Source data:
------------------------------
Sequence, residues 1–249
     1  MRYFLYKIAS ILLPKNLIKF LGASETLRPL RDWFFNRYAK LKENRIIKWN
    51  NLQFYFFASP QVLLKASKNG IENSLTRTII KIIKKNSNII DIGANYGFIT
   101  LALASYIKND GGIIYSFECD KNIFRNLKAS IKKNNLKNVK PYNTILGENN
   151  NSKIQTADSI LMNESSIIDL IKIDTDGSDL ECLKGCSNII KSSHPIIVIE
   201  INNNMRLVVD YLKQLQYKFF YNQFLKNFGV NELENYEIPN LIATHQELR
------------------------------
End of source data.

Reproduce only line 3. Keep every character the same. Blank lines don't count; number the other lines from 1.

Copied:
    51  NLQFYFFASP QVLLKASKNG IENSLTRTII KIIKKNSNII DIGANYGFIT